Just what do you people eat?

Judith A Harper, Pikesville, MD. Years ago our family integrated a Predominantly Jewish neighborhood in New Haven, Connecticut. I am African-American. While walking our German shepherd, I was approached by an elderly woman who asked if she could ask a ‘personal’ question. It was the question submitted. For a moment, I was speechless, but then […]

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My husband and I won it.

Victoria True, Bethesda, MD. 15 years of my Miscegenated marriage have come and gone. I married a man who is beyond color blind. Case in point, I came by his place 1 month before we were getting married, and joked there are xxx,xx1 inter-racial couples in the US, and on June 12th there will be […]

Can I color Barbie’s skin brown?

Heather Dalby, Baltimore, MD. My Little was 9 years old when she asked me this question while we colored with crayons. She is a brilliant character with an abundance of self confidence, so her question surprised me. Her family is from everywhere; the US, Great Britain, and the Caribbean to name a few. Her skin […]

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I saw a group of “undesirables.”

Danielle Giese, Cheverly, MD. This is what my white neighbor called a group of African American young men who were congregating outside of the a local grocery store. Apparently, one of them was showing off his new baby. I wondered if that will be how my sons will be described years from now. Will they […]

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I am Both, Not Just One.

Laura N. Weston, Baltimore, MD. About 80% of the time people assume (mostly men) I am Puerto Rican even though I am half Caucasian and half African American. I stress to everyone who thinks it is important enough to ask me what I am that I am Mixed or Biracial and I state with what. […]

Being An African American Feels Powerful

Chelsea Delaney, Baltimore, MD. I have read different race cards that elaborated so much about the downsides of being my race, about being an African American and the disadvantages of it. I do believe that both sides need to be explained, but I want to focus more on the positive. Focus more on how liberating […]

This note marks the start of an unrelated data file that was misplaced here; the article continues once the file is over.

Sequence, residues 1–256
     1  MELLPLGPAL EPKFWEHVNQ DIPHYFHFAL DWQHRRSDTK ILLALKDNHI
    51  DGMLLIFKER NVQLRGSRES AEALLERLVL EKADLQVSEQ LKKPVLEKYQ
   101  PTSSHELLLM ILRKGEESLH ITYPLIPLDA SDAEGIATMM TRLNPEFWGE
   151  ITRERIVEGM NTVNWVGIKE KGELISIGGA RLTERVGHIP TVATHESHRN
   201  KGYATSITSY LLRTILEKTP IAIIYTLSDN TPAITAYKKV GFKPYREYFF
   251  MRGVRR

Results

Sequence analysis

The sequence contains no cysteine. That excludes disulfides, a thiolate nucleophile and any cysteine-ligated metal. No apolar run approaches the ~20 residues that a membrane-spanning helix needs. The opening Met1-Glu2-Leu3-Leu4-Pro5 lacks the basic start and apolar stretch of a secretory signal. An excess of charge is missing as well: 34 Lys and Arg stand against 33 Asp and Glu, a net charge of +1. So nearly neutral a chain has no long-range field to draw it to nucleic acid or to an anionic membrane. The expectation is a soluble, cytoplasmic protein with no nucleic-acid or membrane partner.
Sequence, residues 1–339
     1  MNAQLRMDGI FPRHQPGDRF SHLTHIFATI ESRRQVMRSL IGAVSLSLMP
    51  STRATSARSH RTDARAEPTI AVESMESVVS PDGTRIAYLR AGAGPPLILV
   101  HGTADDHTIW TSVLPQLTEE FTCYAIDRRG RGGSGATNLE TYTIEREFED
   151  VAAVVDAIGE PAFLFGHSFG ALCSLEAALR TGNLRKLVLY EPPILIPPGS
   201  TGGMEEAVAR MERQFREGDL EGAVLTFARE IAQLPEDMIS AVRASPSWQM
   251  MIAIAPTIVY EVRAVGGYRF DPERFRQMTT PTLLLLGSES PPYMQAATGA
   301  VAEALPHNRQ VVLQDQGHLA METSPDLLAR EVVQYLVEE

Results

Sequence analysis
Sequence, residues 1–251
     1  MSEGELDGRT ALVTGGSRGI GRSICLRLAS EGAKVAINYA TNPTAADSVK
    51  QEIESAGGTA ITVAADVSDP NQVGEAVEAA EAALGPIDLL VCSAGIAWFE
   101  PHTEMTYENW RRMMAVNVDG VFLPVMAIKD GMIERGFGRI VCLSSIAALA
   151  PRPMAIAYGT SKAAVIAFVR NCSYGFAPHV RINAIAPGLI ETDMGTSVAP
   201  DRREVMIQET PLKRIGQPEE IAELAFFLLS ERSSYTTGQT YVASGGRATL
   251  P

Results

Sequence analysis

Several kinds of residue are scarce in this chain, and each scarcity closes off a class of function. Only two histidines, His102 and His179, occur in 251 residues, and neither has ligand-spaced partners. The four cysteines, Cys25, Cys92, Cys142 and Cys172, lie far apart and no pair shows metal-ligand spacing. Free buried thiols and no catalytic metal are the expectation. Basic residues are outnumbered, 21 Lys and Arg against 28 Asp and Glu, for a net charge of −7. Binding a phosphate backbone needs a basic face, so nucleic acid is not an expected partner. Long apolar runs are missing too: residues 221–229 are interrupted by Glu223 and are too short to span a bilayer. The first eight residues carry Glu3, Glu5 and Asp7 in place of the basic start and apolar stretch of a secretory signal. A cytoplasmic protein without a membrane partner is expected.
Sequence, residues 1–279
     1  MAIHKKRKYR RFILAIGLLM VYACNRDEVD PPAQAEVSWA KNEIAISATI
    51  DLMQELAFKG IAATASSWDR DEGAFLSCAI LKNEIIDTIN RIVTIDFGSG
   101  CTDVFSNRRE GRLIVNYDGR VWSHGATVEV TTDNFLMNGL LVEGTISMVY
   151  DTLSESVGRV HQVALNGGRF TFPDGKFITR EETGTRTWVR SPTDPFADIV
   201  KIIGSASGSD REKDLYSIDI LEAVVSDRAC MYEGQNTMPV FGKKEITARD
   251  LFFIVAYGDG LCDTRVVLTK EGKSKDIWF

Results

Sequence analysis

“You can’t change what you find.”

James Edward Harrah, Boonsboro, MD. My Father passed long before I grew interested in our family history. Upon the birth of my son, this was the response from an Aunt when I began tracing my family tree. It’s interesting how something most likely out of convenience and considered scandalous over 130 years ago, represents so […]

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Vietnamese is difficult, love is stronger

Tho Nguyen, Greenbelt, MD. Tho is from Vietnam and grew up in Tacoma Amanda is from Oroville, grew up in the Tri-Cities Tho and Amanda met at the Barnes and Noble in the U-Village while Tho was writing his dissertation Tho and Amanda lived in Vietnam for 4 years since 2008 Amanda learned Vietnamese. Tho’s […]

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Identity isn’t housed in a box

Karen Than Myaing Silver Spring, MD In this photo: what do you get when you mix an Israeli, a Trinidadian, a Jamaican, a Caucasian, a Burmese and an African American? Our beautiful family. We are Jews, Muslim, Christian and Buddhist. We are female. We are male. We are children. We are human. We do not […]

Child Immigrant, Grown Defender of America

Ronnie Annapolis, MD The image of a child immigrant, who grew up to serve in the U.S. military is a bit cliche these days, especially after more than a decade of conflict. However, there is nothing cliche about an immigrant wanting to defend his adopted nation and his fellow Americans (both fellow immigrants and native […]

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A Black Christian, not White Muslim

Ellen McDaniel-Weissler LaVale, MD When my sister, a Peace Corps volunteer, went to serve her two years with the Corps in Chad, Africa, my parents realized that she was at an age when she might meet and fall in love with someone and want to get married. My father was a Lutheran minister and a […]

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Sorry, My Mom Don’t Like Blacks

Amber Roberson-Rowell Essex, MD That was my second incident of prejudice and what instilled in me that race–the color of my skin–was a problem. The first was during my first day of pre-school and being pushed off a tricycle by a little white boy and being told “You don’t belong here!” I was the ONLY […]

Allows me to celebrate my birthday

Nathaniel Hunt Glen Burnie, MD My parents are an interracial couple. I am a homosexual young man. And today is my 23rd birthday. Without the Civil Rights Movement, my parents would not have had the courage or approval to find, love, and marry each other. Without it, I may never have been born and if […]

Opportunity, creativity, and education are essential.

Cynthia Farrell Johnson Silver Spring, MD First, the Civil Rights Movement opened doors, allowing me to train as a visual artist, and also study art history. The Movement forced changes in hiring practices which enabled me to have a rewarding career as a diplomat, traveling the globe conducting cultural diplomacy programs. I thank God every […]